this submission is right, because as observed in Arab Bank Limited v. Ross (1952] 2 QBD 216 at p.229, ‘under the rules of pleading’, as I have always understood them, a pleader who has pleaded more than he strictly need to have done can always disregard the unnecessary or surplus averments and rely simply on the more limited ones. Here lies the difference between the present case and that of Chief Jim I. Nwobodo v. Chief C.C. Onoh and Ors. (1981-1990] LRECN 369 reasons for judgement delivered earlier today. While in the former, no attempt was made to prove the crime alleged, the opposite was the case in the latter. In other words, the averments of crime in the present case were abandoned but retained Nwobodo’s case.[78]

The issue of burden of proof of allegations of crime in election petitions also came up for determination before the Supreme Court in the case of Torti v. Ukpabi.[79]

In that case, the appellant was the petitioner in an election filed in the High Court of Justice of Imo State, at Umuahia on the 24th day of August, 1983, wherein the petitioner challenged the election or return of the 1st respondent, Chief Chris Ukpabi and sought the court’s declaration that he ought to have been returned as duly elected and returned as Senator for the Umuahia Senatorial District. Messrs Okereke and Dr. M. Ozurumba, the Federal Electoral Officer, Umuahia Senatorial District and Returning Officer, Umuahia Senatorial District, respectively were made respondents to the petition in addition to Chief Chiris Ukpabi.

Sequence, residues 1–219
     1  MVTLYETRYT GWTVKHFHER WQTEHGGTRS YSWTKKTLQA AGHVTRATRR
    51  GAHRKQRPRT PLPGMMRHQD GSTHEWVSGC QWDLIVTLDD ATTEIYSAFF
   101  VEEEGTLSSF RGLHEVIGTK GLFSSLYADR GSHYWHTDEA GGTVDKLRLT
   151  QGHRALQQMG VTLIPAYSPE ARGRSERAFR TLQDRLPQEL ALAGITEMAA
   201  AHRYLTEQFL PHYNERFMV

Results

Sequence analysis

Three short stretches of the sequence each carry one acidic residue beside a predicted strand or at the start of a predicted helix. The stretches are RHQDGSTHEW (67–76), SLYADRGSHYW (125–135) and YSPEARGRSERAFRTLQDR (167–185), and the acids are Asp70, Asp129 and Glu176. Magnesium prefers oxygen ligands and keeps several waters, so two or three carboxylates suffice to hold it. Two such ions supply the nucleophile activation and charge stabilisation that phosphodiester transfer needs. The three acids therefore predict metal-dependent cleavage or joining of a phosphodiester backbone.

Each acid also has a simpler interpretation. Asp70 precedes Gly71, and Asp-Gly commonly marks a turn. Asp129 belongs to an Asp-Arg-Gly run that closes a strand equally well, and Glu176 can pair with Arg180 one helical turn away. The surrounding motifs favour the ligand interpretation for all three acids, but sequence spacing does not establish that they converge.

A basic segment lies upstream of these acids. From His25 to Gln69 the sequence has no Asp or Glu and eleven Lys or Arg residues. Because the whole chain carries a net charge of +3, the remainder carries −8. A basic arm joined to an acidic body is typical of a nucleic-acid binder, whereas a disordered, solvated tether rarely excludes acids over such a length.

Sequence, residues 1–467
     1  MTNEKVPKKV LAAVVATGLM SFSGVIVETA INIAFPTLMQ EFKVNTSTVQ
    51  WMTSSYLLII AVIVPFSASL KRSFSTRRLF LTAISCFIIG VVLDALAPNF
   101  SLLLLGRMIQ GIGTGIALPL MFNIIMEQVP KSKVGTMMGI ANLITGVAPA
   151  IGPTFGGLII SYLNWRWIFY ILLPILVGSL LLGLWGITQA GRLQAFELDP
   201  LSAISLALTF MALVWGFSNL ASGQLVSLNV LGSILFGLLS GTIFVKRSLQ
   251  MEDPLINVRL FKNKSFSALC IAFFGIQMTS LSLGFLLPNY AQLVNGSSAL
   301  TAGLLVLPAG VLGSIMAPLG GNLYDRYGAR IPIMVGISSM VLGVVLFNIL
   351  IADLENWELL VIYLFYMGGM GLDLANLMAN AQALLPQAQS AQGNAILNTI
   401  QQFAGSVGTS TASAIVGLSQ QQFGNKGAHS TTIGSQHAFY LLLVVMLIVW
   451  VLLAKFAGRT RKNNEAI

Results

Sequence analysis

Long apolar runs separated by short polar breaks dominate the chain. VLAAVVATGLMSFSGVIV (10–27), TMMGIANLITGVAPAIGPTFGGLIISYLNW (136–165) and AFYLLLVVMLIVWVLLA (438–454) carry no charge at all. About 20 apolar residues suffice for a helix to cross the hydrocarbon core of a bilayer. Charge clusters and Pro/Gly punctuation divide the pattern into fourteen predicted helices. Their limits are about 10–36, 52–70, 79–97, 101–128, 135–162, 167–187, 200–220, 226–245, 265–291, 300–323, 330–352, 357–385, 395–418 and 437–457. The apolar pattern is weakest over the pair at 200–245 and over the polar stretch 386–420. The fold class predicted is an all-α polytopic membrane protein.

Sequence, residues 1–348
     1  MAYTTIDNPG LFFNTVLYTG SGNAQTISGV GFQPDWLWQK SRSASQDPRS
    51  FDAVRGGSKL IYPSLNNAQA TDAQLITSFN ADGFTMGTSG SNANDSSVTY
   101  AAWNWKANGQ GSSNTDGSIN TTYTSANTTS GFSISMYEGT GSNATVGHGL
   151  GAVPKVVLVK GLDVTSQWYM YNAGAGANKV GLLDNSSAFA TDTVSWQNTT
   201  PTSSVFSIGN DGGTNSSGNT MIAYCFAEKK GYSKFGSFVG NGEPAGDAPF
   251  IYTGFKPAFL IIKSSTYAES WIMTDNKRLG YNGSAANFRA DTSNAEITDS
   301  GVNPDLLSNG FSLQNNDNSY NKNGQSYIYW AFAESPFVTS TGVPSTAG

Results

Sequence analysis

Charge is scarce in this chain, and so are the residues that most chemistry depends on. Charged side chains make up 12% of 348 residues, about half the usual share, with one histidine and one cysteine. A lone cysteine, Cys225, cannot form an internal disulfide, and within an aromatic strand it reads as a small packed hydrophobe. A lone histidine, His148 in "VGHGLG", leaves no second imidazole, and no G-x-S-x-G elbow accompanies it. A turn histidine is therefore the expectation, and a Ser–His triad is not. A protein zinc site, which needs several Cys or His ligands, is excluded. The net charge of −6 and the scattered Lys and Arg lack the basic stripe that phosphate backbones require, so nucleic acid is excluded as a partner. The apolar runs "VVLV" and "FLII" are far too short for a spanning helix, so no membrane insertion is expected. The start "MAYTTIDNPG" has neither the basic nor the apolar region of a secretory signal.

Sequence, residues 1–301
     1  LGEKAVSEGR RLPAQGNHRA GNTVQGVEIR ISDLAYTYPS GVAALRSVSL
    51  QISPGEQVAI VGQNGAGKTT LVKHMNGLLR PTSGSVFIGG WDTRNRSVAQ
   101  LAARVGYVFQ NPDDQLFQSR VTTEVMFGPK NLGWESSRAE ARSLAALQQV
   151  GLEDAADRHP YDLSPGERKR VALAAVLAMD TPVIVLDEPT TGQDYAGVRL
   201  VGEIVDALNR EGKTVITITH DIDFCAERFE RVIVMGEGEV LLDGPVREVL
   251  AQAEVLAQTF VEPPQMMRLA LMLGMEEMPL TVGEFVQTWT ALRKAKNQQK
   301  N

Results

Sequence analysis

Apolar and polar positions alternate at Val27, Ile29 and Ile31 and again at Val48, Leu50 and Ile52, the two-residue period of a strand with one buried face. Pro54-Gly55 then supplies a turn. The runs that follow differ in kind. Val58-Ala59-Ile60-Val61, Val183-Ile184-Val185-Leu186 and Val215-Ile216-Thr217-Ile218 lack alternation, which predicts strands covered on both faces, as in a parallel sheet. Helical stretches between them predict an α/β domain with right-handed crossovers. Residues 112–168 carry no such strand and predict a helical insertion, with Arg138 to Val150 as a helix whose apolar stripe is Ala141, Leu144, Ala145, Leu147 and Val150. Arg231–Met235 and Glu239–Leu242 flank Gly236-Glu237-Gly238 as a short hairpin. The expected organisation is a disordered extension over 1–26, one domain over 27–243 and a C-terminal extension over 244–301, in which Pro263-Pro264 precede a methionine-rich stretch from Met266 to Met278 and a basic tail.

The petitioner claimed to have received a majority of votes lawfully cast at the election. The petitioner further alleged that the respondent in connivance with the Police and the 3rd Respondent tampered with the votes scored by the parties by altering the votes scored by the 1st respondent and thereby inflated same with about forty thousand (40,000] votes. He stated further that the 1st respondent was declared the winner as having purportedly scored the majority of votes on account of the falsification.

At the trial of the case, the petitioner tendered signed copies of the election results as exhibits A, A1 to A19 and C, which showed clearly how the votes were altered on the results. The trial Judge of the Election Court admitted the signed copies of the results in evidence and relied on same as proof of the allegations of falsification of the results. The Court therefore quashed the return of the 1st respondent and after deducting the inflated votes declared the petitioner as having been duly elected. The 1st respondent appealed to the Federal Court of Appeal which overruled the Election Court on the issue of admissibility of the signed copies of the results which they held were inadmissible.